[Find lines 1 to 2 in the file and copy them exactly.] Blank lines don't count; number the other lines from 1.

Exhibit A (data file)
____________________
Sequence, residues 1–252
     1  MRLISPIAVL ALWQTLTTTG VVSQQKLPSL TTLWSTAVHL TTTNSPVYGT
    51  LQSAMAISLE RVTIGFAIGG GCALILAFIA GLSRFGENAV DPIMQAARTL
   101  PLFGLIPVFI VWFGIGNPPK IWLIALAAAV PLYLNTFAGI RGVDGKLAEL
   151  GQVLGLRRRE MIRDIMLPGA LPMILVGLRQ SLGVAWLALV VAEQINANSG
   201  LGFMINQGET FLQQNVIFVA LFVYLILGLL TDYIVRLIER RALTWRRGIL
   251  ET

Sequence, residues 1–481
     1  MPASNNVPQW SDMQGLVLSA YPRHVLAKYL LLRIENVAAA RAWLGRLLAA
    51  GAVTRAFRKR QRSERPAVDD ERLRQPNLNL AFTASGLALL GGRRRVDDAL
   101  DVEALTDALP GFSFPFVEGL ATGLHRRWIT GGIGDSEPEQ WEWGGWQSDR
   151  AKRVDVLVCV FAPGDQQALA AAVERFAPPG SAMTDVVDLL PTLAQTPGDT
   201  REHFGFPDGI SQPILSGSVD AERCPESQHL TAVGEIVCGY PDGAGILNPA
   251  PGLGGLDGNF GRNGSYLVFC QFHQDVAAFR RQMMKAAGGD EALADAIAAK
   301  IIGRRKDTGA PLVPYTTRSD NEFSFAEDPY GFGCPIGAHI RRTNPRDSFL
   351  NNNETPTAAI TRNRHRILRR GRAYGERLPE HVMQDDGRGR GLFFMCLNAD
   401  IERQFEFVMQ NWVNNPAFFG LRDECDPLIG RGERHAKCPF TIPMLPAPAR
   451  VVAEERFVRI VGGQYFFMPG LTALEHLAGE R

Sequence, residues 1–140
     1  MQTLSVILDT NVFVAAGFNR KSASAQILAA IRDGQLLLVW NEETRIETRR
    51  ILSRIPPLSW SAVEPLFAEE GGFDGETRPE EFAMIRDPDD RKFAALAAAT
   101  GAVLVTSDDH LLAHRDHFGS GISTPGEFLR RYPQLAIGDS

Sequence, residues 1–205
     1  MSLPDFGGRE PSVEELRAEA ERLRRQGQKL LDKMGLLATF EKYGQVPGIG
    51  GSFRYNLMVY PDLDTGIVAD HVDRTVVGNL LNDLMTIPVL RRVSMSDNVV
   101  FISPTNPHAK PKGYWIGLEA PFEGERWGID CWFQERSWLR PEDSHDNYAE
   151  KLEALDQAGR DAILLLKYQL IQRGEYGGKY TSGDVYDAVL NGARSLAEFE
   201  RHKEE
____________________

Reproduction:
Sequence, residues 1–252
     1  MRLISPIAVL ALWQTLTTTG VVSQQKLPSL TTLWSTAVHL TTTNSPVYGT